A history of banknote printing at the Bank of England

Banknote printing has changed dramatically since Topolski’s drawings captured life at the Bank’s printing works in Debden, Essex in the 1950s. But all of our banknotes are still printed at the same site today.
Scroll through this gallery to find out where banknotes were printed before the 1950s. You’ll learn how increasing demand for banknotes lead the Bank to move its Printing Works department from Threadneedle Street to Old Street in 1917. And you’ll learn why the Printing Works moved again in 1957.

24 January 1699

Banknote

Printed features, like the Britannia medallion and the ‘promise to pay’ on this example, began to be included on Bank of England notes in the late 1600s.

These features were printed offsite by a private firm based in London but little is known about their production.

Bank of England, banknote, 24 January 1699, I/008

Bank of England, banknote, 24 January 1699, I/008

1791

The Old Bank of England

By 1791, sending printing plates and banknote paper outside of the Bank’s own premises was becoming too risky.

Although a private firm continued to print the notes, the Bank moved production into their Threadneedle Street building in London. However, the demand for banknotes continued to increase.

Thomas Homer Shepherd, The Old Bank of England, c.1800, 0803

Thomas Homer Shepherd, The Old Bank of England, c.1800, 0803

1808

Sir John Soane's extension

By 1805, there were 27 printing presses being operated by over 50 men at the Bank’s building in Threadneedle Street.

Some of the men there got ill because of the cramped working conditions. In 1808, Printing Works was moved into a new extension of the building designed by the architect, Sir John Soane.

Unknown, The Bank of England (showing Sir John Soane’s extension), 1827, 0084

Unknown, The Bank of England (showing Sir John Soane’s extension), 1827, 0084

1808

Banknote production taken into the hands of the Bank

At the same time, the Bank’s governing board decided that production should not depend on a private firm for security reasons.

So the banknote Printing Works was ‘taken into the hands of the Bank’.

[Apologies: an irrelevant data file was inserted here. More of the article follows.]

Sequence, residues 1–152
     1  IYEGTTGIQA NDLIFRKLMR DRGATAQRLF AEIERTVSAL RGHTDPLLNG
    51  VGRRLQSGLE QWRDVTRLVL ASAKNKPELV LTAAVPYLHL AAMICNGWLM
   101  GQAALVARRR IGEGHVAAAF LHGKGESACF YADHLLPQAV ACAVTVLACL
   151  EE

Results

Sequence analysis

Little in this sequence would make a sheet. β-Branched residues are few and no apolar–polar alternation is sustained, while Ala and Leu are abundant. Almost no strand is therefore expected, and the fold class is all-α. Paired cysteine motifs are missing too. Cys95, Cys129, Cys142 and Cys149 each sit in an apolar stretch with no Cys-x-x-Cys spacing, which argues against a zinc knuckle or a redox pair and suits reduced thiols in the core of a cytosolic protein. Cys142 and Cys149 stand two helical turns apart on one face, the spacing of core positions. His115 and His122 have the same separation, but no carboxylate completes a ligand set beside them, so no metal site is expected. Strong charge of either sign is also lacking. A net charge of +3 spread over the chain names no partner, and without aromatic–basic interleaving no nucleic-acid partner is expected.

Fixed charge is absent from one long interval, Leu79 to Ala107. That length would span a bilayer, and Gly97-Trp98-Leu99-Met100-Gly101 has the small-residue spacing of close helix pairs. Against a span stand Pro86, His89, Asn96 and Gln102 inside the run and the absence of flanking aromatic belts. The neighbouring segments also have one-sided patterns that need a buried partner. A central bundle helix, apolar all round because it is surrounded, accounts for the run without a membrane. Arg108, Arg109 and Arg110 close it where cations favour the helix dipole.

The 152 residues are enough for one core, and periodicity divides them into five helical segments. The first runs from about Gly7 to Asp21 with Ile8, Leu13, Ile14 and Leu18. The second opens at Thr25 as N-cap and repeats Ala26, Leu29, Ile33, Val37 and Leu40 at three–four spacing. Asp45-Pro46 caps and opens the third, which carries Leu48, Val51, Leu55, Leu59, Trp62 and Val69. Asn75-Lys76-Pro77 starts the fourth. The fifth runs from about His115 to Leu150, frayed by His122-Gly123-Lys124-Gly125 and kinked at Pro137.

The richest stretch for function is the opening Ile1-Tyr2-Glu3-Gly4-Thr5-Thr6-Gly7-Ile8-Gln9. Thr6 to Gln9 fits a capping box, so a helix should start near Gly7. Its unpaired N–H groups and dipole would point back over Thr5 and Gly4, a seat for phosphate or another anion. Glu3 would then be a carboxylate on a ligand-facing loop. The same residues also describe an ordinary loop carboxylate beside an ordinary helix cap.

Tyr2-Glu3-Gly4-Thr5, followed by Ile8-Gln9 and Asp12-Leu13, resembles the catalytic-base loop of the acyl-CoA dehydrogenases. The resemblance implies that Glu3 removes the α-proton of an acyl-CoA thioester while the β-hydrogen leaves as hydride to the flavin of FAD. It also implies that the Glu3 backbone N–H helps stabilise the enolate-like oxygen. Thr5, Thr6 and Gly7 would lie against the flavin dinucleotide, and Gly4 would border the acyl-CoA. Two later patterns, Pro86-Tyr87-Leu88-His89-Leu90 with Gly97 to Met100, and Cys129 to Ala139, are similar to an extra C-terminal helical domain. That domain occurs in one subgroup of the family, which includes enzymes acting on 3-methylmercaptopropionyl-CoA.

Unknown, ‘View of the Bank's printing room in 1854 as featured in the Illustrated London News’, Britannia Quarterly, 1980, Bank of England Archive: PW1/31

Unknown, ‘View of the Bank's printing room in 1854 as featured in the Illustrated London News’, Britannia Quarterly, 1980, Bank of England Archive: PW1/31

1900s

Printing department at Threadneedle Street

Banknotes continued to be printed in Threadneedle Street throughout the 1800s.

The Bank employed boys in their Printing Works until a 1918 Education Act made education compulsory up until 14 years old.

Unknown, Postcard depicting interior of the printing department at Threadneedle Street c.1900, 1989, 1989/210/13

Unknown, Postcard depicting interior of the printing department at Threadneedle Street c.1900, 1989, 1989/210/13

1914 to 1918

Printing works at Tabernacle Street

During the First World War, there was an increased demand for banknotes and other official printed products.

The Bank leased two buildings nearby in Tabernacle Street and moved its dividend book, warrant and envelope printing here.

Unknown, photograph showing the Bank’s printing works at Tabernacle Street, 1915, Bank of England Archive: 15A12/6/3/1

Unknown, photograph showing the Bank’s printing works at Tabernacle Street, 1915, Bank of England Archive: 15A12/6/3/1

1917

The Lunatic Hospital of St Luke's

In 1917, the Bank moved its Printing Works out of Threadneedle Street.

The new site was the former St Luke’s Hospital for Lunatics in Old Street, which the Bank had purchased the year before. The hospital was designed in the 1780s by architect George Dance and had an impressive 150 metre frontage.

Unknown, The Lunatic Hospital of St Luke’s, 1815, 0218

Unknown, The Lunatic Hospital of St Luke’s, 1815, 0218

1920

St Luke's Printing Works

By 1920, the hospital was converted into a state of the art facility by the architect F. W. Troup.

It was equipped with concrete floors, three large machinery halls and amenities for staff. At the time, it was described as ‘a model of what an up-to-date printing factory should be.’

Walter Thomas Monnington, St Luke’s Printing Works, c.1930. 1994/197/001

Walter Thomas Monnington, St Luke’s Printing Works, c.1930. 1994/197/001

1938

Printing Works at Overton, Hampshire

During the Second World War, the Bank moved the Printing Works to the countryside to protect banknote production from the threat of German bombs.

A factory was set up at Overton in Hampshire and production at St Luke’s was paused until after the war in 1945.

Unknown, photograph of note Printing machine at Overton, 1942, Bank of England Archive: 15A13/15/131

Unknown, photograph of note Printing machine at Overton, 1942, Bank of England Archive: 15A13/15/131

1954

Printing Hall Site Debden

Ten years later, the Printing Works at St Luke’s was working at full capacity.

The printing halls, strong rooms and staff facilities were badly overcrowded. The Bank decided to build a new banknote printing factory in Debden, Essex.

Bernard Bowerman, Printing Hall Site Debden, 1954, 1978/009

Bernard Bowerman, Printing Hall Site Debden, 1954, 1978/009

This page was last updated 28 September 2018
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